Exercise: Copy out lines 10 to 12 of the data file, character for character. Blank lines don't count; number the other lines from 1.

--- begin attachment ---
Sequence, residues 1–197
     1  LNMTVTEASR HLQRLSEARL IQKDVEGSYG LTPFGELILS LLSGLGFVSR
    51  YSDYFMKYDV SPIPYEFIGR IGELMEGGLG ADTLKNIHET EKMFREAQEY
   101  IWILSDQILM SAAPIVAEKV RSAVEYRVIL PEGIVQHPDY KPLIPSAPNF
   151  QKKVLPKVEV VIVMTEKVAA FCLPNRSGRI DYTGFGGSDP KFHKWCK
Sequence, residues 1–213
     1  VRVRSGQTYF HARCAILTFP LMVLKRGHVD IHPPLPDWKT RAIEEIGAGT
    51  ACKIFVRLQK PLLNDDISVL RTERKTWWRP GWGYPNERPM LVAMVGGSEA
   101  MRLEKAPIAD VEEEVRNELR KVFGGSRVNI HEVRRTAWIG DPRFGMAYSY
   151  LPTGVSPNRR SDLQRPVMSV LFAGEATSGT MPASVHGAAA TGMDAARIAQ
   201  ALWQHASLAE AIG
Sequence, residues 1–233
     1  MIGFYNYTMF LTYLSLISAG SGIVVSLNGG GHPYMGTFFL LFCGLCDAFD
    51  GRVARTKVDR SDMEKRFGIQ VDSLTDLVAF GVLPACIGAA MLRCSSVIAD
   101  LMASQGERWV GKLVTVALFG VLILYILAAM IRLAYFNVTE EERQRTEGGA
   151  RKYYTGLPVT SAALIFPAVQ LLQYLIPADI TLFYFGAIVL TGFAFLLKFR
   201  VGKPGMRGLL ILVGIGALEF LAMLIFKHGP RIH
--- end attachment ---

   151  LPTGVSPNRR SDLQRPVMSV LFAGEATSGT MPASVHGAAA TGMDAARIAQ
   201  ALWQHASLAE AIG
Sequence, residues 1–233